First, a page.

Constructing knowledge

Children learn to communicate well before they can talk.

That’s all thanks to a very human ability to recognise patterns.

As adults, some of us loose that ability.

We loose our sense of curiosity.

And with it we forget how to construct knowledge.

Albert Rutherford1 explains that “we construct knowledge rather than having knowledge poured into our brains.”

The key he describes is learning how to recognise and describe patterns.

Learning how to tinker with big ideas and describing what you learn is how you create new knowledge.

Tinkering is taking a big idea or a pattern of behaviour, breaking it into smaller parts and putting it all back together.

Describing an idea is key to improving our understanding because “much of our understanding comes from the process of speaking. Though we think we might know what we want to say, we test, alter, and solidify our thoughts when we speak.”1

Patterns are all around us and all patterns follow a rule. Rutherford advises that we can teach ourselves this skill by asking these 4 questions:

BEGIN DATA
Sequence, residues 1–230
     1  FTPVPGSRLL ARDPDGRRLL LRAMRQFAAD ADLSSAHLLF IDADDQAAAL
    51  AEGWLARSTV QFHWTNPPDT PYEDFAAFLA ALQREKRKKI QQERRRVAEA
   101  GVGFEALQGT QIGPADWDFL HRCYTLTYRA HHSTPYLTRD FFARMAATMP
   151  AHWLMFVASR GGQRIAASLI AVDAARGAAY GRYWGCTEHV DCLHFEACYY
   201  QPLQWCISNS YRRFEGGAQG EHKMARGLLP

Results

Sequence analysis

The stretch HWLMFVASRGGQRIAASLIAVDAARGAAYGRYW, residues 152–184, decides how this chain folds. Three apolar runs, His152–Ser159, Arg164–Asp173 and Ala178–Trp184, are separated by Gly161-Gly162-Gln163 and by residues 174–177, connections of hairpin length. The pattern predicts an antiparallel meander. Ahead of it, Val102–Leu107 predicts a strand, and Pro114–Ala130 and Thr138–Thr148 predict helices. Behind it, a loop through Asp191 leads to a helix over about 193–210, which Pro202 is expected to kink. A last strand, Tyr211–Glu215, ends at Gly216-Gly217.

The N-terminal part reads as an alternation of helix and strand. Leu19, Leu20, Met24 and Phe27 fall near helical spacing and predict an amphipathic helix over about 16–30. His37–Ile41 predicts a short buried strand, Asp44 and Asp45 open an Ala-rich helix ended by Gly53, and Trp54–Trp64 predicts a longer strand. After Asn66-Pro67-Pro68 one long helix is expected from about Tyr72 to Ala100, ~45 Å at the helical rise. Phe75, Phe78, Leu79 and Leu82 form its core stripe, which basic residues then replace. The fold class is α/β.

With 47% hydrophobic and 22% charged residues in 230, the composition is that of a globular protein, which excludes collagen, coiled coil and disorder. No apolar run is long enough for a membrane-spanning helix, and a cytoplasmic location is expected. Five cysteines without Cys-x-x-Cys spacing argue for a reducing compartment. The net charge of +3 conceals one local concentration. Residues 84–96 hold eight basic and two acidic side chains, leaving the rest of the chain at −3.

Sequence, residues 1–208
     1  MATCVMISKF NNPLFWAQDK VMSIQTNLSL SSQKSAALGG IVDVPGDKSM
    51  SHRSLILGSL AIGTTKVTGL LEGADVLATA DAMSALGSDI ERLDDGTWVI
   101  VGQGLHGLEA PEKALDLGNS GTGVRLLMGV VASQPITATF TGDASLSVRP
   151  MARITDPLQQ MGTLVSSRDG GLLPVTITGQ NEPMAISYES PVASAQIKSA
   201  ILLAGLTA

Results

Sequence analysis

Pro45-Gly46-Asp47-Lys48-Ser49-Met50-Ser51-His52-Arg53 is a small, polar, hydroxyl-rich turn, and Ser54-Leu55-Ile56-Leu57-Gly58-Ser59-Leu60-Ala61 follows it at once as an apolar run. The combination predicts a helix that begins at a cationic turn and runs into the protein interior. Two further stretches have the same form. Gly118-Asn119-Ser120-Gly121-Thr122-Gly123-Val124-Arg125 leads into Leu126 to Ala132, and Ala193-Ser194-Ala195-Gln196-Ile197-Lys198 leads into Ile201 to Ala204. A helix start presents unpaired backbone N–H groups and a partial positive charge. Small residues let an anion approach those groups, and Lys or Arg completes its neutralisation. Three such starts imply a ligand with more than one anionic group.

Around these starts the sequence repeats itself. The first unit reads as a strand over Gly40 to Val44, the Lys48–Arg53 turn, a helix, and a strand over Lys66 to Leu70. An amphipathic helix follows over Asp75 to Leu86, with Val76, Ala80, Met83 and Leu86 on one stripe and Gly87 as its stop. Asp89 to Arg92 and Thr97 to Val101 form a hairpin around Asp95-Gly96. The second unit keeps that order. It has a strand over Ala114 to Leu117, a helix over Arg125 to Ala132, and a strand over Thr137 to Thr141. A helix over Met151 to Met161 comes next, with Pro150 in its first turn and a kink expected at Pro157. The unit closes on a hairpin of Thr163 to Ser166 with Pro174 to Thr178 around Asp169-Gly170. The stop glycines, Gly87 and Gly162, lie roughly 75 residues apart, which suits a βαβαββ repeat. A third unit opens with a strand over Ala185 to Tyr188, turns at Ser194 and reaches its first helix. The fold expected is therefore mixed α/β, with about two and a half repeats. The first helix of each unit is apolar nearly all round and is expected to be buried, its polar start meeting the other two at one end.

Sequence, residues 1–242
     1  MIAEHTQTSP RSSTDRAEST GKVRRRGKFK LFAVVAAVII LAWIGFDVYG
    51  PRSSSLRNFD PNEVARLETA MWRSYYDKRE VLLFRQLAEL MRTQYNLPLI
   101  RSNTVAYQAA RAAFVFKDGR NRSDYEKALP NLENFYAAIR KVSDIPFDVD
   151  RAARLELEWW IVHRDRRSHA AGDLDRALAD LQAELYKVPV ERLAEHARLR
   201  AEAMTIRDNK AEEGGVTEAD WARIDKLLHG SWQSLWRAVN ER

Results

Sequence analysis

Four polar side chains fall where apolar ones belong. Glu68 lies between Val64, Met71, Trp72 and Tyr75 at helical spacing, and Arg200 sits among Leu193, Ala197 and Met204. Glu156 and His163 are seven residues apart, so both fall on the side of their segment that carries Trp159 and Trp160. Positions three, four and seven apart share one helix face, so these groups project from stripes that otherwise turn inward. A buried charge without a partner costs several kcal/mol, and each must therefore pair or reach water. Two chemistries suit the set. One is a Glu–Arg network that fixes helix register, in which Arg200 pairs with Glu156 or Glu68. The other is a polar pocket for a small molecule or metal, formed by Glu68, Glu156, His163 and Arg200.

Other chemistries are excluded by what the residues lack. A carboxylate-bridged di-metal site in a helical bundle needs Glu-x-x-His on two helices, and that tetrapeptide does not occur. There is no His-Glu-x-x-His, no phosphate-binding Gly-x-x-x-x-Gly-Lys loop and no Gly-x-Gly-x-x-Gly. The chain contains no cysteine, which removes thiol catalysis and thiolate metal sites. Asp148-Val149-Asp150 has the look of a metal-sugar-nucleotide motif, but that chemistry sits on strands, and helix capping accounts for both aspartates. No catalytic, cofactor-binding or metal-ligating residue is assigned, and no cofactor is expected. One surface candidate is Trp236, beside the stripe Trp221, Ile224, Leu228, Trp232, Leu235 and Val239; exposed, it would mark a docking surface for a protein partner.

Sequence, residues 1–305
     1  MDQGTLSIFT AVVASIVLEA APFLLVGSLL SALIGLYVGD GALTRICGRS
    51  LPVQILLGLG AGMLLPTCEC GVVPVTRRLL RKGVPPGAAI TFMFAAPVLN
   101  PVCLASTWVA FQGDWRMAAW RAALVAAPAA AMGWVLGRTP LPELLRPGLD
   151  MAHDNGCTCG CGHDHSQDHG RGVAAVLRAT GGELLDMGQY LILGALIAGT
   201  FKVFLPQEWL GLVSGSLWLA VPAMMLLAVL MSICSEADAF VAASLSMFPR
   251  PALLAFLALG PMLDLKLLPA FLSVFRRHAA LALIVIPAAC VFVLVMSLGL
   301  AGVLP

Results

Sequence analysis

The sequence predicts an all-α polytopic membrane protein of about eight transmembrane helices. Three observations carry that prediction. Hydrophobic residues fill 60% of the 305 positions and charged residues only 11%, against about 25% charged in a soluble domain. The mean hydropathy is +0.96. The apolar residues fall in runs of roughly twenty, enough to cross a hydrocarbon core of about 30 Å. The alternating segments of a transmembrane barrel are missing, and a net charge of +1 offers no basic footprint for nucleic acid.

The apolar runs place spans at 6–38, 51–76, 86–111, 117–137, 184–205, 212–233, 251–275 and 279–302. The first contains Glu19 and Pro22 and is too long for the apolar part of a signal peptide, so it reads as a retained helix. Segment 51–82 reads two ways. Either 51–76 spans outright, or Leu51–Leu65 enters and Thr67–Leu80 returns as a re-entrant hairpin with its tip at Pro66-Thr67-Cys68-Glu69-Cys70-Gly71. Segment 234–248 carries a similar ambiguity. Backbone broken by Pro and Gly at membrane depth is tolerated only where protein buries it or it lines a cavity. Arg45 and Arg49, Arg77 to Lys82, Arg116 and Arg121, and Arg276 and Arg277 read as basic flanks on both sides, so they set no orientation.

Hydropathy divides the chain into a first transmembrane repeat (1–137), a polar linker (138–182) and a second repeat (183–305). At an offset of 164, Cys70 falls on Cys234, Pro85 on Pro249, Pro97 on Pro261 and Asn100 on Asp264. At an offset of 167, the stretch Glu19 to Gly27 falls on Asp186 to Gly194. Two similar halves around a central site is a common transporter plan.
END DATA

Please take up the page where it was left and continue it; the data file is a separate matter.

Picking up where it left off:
1. Does the pattern repeat?
  2. What part of it is repeating?
  3. Is there something that changes each time the pattern is repeated?
  4. What would happen if the pattern continued?

Sometimes you can physically take things apart and other times you need visualise it as a thought experiment or a mental model. Both can be equally effective.

In his autobiography, Einstein famously recalled his thought experiment of chasing a beam of light. This imaginative tinkering led him to develop special relativity.

To make it a habit to recognise patterns, tinker with big ideas, and learn how to describe what you learn by:

  • Take notes: Observe what’s happening.
  • Visualise: Break big ideas into smaller parts.
  • Describe: Put it back together in an order that makes sense to you.
  • Stay curious: Repeat.
  1. Albert Rutherford, Build a Mathematical Mind ↩︎

About the Author

Hi! I’m Aliyar.

When your marketing investments aren’t driving growth, ping me